To combat this, Microsoft is putting into place an “unlocking” system that will ensure that games won’t be playable until a set date.

"We've heard from publishers that preauthorized release before streetdate can... they can lose half the sales, the revenue of the game. This is specifically aimed at helping reduce that for the publisher," Drew Johnston, the product unit manager for the Windows Gaming Platform, said to Ars Technica. "We have zero-day piracy protection—this helps reduce the leakage of IP before release. The bits are encrypted, and there is a one-time activation that checks to see if the game has been released or not, and we'll send out a decrypt code so the game can be played."

This method may sound familiar to those who have used Valve’s Steam online service. Gamers can pre-purchase a game, download and install before release date, and have the files unlocked and ready for play the moment the “release switch” is flipped. Of course, there are still non-Steam-exclusive games that one can obtain illegally, and before release date.

Microsoft wants to make this a part of all Games for Windows, which means that there would be a requirement for a GFW Live account, and an internet connection. A side effect of this apparent inconvenience is that Microsoft will allow the license holder to make as many installs and copies as he wishes, as long as the game can be authenticated on an account.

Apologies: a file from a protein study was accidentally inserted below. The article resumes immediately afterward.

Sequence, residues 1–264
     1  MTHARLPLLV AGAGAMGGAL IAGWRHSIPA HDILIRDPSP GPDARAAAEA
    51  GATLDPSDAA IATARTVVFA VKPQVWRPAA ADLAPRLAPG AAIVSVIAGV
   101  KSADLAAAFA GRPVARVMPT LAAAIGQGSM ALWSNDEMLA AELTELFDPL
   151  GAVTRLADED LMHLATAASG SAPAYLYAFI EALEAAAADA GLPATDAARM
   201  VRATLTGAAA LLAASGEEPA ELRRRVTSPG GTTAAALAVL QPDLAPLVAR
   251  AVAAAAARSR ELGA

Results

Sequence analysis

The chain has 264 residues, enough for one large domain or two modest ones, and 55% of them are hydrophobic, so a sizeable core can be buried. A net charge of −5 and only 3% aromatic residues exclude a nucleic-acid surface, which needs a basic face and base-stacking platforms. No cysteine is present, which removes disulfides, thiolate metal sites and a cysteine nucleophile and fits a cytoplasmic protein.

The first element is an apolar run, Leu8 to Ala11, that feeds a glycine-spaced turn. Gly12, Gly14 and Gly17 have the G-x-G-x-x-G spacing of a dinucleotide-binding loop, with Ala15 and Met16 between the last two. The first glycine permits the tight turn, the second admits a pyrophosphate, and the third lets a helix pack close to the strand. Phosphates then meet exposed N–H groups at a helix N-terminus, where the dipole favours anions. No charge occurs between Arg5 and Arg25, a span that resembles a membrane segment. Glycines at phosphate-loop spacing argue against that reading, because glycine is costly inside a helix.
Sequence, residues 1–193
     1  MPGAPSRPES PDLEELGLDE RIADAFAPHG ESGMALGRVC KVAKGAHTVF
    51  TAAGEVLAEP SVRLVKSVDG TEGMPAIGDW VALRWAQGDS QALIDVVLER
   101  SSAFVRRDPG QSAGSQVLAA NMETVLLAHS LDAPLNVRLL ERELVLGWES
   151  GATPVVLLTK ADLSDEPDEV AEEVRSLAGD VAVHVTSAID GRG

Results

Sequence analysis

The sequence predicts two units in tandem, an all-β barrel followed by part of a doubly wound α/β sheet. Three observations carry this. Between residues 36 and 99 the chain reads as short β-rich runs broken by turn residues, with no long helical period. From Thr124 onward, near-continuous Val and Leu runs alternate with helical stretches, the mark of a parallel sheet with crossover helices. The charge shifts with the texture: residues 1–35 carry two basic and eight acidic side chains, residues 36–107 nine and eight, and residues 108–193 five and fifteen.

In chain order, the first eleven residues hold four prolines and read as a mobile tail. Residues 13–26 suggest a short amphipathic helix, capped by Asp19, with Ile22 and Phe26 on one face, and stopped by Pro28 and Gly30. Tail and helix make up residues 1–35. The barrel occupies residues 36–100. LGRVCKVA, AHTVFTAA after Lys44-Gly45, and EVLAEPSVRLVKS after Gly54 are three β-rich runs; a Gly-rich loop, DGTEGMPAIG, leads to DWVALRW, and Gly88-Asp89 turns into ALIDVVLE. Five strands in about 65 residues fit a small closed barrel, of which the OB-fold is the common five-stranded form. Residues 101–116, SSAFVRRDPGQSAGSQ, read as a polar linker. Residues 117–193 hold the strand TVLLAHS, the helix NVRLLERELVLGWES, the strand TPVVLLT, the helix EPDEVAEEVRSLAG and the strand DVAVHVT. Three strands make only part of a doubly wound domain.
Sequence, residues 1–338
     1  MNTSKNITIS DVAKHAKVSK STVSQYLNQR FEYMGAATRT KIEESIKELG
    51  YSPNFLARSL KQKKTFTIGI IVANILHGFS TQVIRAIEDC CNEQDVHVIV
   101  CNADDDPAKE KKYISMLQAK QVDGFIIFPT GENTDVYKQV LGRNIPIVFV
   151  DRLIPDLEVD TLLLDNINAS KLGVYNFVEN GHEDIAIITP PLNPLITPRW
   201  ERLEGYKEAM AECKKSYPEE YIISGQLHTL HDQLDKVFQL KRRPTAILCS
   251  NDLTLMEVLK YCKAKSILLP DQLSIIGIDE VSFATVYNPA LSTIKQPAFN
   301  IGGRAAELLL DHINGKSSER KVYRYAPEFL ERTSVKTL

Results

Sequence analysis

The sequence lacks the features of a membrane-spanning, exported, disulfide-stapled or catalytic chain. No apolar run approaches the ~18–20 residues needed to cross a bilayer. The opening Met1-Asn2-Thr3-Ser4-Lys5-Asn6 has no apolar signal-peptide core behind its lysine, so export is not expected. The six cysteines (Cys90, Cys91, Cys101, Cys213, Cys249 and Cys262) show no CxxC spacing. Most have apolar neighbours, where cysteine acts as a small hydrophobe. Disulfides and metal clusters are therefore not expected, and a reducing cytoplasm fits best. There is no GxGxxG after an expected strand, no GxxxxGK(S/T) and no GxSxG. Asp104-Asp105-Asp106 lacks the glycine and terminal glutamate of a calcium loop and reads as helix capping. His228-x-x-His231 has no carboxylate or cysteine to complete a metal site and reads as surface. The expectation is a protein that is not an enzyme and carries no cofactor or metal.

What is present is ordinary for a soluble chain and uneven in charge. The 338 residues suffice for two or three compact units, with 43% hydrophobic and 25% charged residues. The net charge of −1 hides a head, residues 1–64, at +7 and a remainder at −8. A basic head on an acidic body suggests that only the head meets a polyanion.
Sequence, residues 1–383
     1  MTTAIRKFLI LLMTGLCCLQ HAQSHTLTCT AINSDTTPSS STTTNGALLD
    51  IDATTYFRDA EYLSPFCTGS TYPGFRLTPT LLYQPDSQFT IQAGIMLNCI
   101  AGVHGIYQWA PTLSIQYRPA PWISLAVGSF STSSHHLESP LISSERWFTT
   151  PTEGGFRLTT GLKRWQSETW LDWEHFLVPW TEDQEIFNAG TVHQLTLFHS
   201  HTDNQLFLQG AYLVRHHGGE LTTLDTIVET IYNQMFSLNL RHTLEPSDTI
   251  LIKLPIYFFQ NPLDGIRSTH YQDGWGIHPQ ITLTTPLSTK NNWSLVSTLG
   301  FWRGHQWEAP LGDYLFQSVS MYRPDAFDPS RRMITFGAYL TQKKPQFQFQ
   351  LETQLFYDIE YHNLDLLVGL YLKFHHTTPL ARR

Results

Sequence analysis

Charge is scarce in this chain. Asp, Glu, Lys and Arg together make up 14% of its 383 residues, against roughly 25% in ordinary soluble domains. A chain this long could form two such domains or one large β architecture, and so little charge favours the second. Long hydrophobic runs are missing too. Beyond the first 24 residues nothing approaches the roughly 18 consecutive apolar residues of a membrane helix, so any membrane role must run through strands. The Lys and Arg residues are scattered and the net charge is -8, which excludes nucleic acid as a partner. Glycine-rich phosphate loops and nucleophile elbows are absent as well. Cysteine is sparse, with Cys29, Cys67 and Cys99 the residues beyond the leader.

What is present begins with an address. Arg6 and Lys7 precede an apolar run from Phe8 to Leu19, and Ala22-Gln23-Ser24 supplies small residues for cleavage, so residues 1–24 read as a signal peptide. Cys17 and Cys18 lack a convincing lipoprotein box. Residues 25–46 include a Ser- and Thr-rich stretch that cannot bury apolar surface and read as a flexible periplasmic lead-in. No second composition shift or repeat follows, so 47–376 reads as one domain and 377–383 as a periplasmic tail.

Such a system would also destroy the used games market, but that is less of an issue since PC games practically have no resale value.

What do you think of this new model for Games for Windows? Is this something you’d be willing to trade in place of Spore-like DRM? Let us know in the comments below.

Marcus Yam
Marcus Yam served as Tom's Hardware News Director during 2008-2014. He entered tech media in the late 90s and fondly remembers the days when an overclocked Celeron 300A and Voodoo2 SLI comprised a gaming rig with the ultimate street cred.
  • seboj
    Keep on fighting that losing battle MS.

    My torrents will keep on downloading.
    i dont know i think this may be a good thing we may get more games for the PC if this works out